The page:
Believing in G-d Means Admitting You Don’t Know

A couple weeks ago, while visiting the Old Country, an old friend brought up a certain famous rabbi who believed he knew why the Holocaust happened.  I don’t believe this rabbi’s opinion is worth anything, and given that he is already dead, I will not darken the doorstep of this blog with his name. Unfortunately, he is not the only one to hold this opinion, and in any case, I’d rather discuss the idea, rather than the person.

The concept of reward and punishment, in general, is fundamental to Judaism.  We suffer for our sins. For some of our troubles, we can easily see the connection to an earlier flaw – like getting lung cancer after smoking 12 packs a day for years.  But this only works when there is direct causality, and even then, it is often not the entire story. After all, non-smokers die of lung cancer and some smokers never get cancer.

Were a punishment to exactly match the crime, this would be called in Hebrew, “midah k’neged midah”, or “measure for measure” in English.  The only time I know of in Jewish tradition where our sages tell us this was visible was when the Egyptians drowned at the sea. Our sages say that the Jewish people, who knew well the individual Egyptians who were chasing them, could tell that those who were crueler died a crueler death and vice versa.  In addition, we saw that the punishment was drowning in water, which is what Pharaoh had decreed against the Jewish male children. This sight, of the Egyptians suffering in exact proportion to their crimes was so astounding that “What a maidservant saw at the Splitting of The Sea, Yechezkel ben Buzi (the prophet Ezekiel) didn’t see!”

Other Biblical heroes, like King David, had to have a prophet tell them when a punishment was meant to correspond to a particular sin.  In other words, we believe that G-d runs everything “midah k’neged midah”, but we almost never get to see it. Moses, our greatest prophet asked G-d to show him His Face, meaning how everything runs via “midah k’neged midah”.  G-d refused him.

But “midah k’neged midah” is not only suffering, it refers also to reward.  And “midah k’neged midah” is not the only reason good or bad things happen. Our sages also describe “issurim shel ahavah” – “suffering out of love” – and G-d having mercy – giving us more than we deserve.  In addition, others have free will, which can undo what one would otherwise deserve, at least in this world, as one can see from the Biblical story of Joseph’s brothers deciding to throw him in a pit rather than kill him outright – had they tried to kill Joseph, they would have succeeded because G-d would honor their free will; since they didn’t, he survived. I do not believe this is an exhaustive list of the factors.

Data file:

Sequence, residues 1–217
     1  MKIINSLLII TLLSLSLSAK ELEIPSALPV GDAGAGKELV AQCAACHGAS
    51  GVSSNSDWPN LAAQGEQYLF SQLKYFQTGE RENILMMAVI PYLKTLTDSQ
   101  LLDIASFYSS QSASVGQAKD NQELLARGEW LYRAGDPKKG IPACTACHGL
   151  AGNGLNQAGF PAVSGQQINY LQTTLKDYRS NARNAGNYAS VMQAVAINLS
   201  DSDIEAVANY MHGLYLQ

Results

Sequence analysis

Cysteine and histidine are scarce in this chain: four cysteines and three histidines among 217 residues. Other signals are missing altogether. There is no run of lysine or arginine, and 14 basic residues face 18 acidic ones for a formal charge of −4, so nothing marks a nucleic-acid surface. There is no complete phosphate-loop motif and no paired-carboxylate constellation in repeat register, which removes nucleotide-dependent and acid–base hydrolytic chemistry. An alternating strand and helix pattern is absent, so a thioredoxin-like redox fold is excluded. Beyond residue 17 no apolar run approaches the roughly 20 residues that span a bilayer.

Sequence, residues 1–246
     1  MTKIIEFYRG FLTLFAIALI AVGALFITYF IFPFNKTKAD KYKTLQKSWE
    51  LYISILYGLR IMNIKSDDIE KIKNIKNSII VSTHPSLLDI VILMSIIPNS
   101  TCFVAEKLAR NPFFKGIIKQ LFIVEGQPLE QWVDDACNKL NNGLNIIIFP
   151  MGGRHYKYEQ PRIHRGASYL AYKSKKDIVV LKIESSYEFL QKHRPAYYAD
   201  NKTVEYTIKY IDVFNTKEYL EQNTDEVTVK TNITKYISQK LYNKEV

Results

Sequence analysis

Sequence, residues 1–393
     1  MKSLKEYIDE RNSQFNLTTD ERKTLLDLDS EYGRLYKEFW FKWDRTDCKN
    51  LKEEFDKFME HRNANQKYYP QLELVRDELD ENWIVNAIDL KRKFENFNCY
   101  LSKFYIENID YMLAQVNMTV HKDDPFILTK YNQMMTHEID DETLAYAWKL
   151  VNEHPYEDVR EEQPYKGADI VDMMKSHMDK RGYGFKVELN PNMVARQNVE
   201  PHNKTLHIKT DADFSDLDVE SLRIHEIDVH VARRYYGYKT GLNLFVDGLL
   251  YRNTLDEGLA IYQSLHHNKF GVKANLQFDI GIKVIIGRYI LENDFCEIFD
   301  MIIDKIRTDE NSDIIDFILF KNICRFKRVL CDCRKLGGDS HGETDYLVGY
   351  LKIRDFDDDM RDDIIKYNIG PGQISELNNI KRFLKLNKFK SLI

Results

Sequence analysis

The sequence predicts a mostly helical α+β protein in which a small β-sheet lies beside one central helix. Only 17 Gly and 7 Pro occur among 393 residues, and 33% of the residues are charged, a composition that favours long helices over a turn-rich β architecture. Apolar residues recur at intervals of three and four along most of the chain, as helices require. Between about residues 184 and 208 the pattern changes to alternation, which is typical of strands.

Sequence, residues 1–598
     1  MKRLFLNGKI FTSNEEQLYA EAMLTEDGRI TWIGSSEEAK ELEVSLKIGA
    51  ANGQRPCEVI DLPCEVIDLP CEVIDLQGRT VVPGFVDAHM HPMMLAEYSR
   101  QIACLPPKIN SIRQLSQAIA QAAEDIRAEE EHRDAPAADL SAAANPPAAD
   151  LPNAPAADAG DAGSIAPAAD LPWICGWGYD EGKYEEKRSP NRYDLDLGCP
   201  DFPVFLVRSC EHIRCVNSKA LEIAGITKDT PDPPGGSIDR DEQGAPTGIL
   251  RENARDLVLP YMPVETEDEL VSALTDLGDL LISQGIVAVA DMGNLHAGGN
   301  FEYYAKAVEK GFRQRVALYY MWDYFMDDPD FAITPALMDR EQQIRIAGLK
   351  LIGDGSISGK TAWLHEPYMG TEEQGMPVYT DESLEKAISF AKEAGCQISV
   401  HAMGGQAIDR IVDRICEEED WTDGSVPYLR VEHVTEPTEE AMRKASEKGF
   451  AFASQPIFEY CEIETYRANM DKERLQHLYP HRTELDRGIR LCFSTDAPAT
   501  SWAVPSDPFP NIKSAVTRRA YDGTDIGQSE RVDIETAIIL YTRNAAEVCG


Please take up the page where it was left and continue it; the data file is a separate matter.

In the past 100 years, we have had two huge worldwide events that focused on us, the Jewish people.  The Holocaust and our return to found State of Israel. Isn’t it interesting that much of the Orthodox world is ready to dismiss the latter as a fluke, but are eager to not only recognize G-d’s Hand in the Holocaust, but to justify it too?

If we believe that G-d causes everything, then He caused the Holocaust.  There is no way around that. But he has also restored us to the Land of Israel and granted us the sovereignty we now enjoy.  Since we believe that G-d has intelligence and will, He must have had reasons for both. I would not believe anyone who says he knows why G-d did anything unless he is prepared to explain everything – the good and the bad.

Some in the Orthodox world dodge this issue by saying the State of Israel is just another form of punishment.  They point to public Torah violation, the Yemenite children scandal, an openly secular government and the early attempts to make new immigrants drop their religion.  There is a term for this – ingratitude (כופר על הטוב)!. Someone tried this already – Adam in the Garden of Eden, when he said “The woman You gave me, gave me [the fruit] to eat.”  It did not end well for him. The State of Israel is the way it is because it is what we Israelis want. God creates everything, but He does not usually interfere with man’s free will unless He has an overriding reason.

Living in Israel is a blessing.  The Holocaust was a curse. We need to be mad at G-d for the Holocaust, because otherwise we diminish its value, but we need to be grateful for the State of Israel too, for the same reason.

I was born long after both the Holocaust and the founding of the State.  My family had long been in the United States before either, so we were spared the trials of both aspects of that period.  I have not directly suffered from the bad side of Jewish history – and honestly, if I had, I don’t know that I’d be Orthodox today.  I try my best to connect to it, but it’s not the same as lived experience, B”H.

On the other hand, I have benefited directly from the ingathering of the exiles to the Land of Israel.  I live in a beautiful city, with plenty to eat and a comfortable place to live. I get to experience the good side of Jewish history.  I have no idea why I would “deserve” what I have and someone in the Holocaust would “deserve” what they had. I cannot really believe either is true.  But I do believe that G-d causes everything. I should feel pain and be mad at the bad things, but I can only do that if I am truly grateful for the good.

About the Author
Reuven (sometimes Bobby) came from a mixed Jewish-Christian background. He became ba'al teshuva (Jewishly observant) in his 20s with the intention of making aliyah, which didn't happen until his 40s. His daughter, Shani, also blogs and serves in the IDF as a medic. She was a lone soldier until her parents made aliyah in 2017.
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